In fashion's no-mercy world, skinny styles are back
Los Angeles Times
Your butt's not getting bigger -- jeans are getting smaller.
Just ask shopper Lisa Korn, who is doing a torturous tango with skinny new jeans at a Los Angeles shop.
She tugs at the garment, performs deep knee-bends in front of the mirror, and even hoists herself on a display table to see whether the jeans dip too low in the back when she sits.
"I'm dying," she groans. "Even in a (European size) 28, I'm dying."
In the no-mercy world of fashion, skinny jeans are back. Some styles are essentially denim leggings -- slim all over and tapered to just 5 inches across at the ankle. They should come with a warning label: Objects in mirror are even tighter than they appear.
The factors driving the trend are practical and, well, not.
With the rising popularity of dress-casual boots, women want jeans that won't hide the $300 or more they have invested in their footwear.
Super-thin celebrities in super-thin britches -- Kate Moss, Nicole Kidman and Keira Knightley -- are helping to drive the trend.
Everyone wants a piece of the action, from high-end designers such as Dolce & Gabbana, which was on to the trend early, to Wal-Mart, which will sell skinny jeans this summer for less than $19.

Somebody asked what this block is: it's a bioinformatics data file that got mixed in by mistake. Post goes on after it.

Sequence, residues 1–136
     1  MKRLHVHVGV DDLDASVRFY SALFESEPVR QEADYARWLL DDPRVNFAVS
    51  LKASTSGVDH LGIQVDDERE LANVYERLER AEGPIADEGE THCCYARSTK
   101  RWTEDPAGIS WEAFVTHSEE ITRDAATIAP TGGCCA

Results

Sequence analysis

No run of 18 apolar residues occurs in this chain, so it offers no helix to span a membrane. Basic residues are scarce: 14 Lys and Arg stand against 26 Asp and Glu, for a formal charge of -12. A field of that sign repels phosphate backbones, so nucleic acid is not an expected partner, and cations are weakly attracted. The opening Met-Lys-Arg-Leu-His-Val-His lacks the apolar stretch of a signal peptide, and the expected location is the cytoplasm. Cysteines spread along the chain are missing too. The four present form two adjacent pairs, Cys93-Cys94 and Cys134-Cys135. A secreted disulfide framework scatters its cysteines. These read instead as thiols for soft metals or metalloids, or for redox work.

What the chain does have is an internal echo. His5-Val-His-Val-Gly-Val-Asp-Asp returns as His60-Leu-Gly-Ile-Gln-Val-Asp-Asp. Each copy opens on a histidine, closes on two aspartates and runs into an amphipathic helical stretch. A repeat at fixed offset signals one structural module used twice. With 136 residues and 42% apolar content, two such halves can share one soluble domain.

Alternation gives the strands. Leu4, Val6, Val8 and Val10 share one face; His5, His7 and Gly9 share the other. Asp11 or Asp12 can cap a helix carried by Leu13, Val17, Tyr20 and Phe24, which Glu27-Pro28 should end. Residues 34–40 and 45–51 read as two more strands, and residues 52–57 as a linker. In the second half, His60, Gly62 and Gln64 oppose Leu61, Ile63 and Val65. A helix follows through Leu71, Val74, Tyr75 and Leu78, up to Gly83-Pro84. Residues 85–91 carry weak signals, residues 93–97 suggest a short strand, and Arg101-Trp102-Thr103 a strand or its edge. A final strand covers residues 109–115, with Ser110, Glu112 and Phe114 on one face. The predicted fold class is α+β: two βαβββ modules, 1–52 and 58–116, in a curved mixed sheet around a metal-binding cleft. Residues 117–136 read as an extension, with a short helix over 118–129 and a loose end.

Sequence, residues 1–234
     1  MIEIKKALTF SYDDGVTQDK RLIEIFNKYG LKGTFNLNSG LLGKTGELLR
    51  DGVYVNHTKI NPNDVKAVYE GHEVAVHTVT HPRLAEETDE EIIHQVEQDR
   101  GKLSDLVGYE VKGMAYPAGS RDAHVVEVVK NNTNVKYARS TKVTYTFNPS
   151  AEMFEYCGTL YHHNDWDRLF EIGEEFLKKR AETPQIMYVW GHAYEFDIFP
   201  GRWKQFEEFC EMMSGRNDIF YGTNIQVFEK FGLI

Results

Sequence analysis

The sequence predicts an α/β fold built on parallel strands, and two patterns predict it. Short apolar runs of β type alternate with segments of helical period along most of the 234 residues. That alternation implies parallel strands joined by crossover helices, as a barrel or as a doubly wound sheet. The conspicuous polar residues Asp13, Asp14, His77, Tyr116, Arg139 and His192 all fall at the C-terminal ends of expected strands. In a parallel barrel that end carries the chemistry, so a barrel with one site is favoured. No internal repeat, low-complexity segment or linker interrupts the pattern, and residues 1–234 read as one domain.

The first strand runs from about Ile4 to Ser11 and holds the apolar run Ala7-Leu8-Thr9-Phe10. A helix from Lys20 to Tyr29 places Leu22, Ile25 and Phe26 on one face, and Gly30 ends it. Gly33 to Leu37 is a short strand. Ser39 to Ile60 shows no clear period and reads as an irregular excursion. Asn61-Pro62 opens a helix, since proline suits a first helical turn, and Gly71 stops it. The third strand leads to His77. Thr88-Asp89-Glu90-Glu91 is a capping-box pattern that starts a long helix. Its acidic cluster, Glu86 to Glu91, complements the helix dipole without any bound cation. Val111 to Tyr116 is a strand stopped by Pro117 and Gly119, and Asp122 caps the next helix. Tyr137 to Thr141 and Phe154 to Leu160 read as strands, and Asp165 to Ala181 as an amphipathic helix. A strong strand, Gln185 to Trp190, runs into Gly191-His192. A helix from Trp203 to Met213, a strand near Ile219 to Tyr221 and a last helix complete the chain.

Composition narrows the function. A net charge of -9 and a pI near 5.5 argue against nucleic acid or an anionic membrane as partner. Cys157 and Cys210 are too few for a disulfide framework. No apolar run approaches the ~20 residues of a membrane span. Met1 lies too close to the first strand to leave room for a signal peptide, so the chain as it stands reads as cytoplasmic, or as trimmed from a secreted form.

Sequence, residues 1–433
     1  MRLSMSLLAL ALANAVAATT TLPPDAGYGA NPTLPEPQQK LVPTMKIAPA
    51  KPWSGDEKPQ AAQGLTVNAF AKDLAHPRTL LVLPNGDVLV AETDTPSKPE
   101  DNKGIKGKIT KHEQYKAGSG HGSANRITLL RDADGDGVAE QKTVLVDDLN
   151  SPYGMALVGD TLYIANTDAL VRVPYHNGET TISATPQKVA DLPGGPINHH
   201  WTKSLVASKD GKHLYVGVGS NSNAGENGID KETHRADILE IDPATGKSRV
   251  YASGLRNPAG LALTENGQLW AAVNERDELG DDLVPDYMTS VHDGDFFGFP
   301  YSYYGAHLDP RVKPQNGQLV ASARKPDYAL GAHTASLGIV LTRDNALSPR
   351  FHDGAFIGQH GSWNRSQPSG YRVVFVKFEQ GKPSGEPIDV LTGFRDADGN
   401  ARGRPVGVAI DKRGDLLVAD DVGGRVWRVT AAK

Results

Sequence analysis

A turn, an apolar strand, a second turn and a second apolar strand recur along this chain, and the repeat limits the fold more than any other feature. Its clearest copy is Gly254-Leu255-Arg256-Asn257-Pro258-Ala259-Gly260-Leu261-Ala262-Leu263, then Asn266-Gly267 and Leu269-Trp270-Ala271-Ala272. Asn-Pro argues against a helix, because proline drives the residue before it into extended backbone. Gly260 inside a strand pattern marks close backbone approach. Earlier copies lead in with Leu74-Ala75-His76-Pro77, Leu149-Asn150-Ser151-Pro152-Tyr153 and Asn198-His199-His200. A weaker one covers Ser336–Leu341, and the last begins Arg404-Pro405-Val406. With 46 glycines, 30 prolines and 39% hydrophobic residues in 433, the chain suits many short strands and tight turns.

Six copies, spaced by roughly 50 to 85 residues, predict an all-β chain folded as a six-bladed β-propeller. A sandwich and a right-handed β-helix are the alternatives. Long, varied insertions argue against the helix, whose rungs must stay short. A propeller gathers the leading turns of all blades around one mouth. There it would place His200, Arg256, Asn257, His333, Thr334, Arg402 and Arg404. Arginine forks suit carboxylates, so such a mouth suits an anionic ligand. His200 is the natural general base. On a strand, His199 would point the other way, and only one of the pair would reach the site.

Influential industry analyst Marshal Cohen fears that many women will buy into the hype when they should really hold back. "Does anyone look in the mirror before they go out wearing some of these things?"
Men are being targeted, too. Premium denim leader 7 for All Mankind, which began selling narrow jeans in Europe a year ago, introduced its Slimmy line for men last fall and now has a style that's even slimmer.
It was young men who helped relaunch the trend at Levi Strauss & Co.
About three years ago, the San Francisco company noticed a subculture of "young rock 'n' roll guys" wearing narrow pants at music festivals, spokeswoman Amy Jasmer said. To get the look they were after, some bought girls' pants, which they dubbed "GPs."
Skinny jeans will represent a small percentage of the $12.5 billion-a-year U.S. jeans market, industry insiders predict. The boot cut will probably remain the favorite.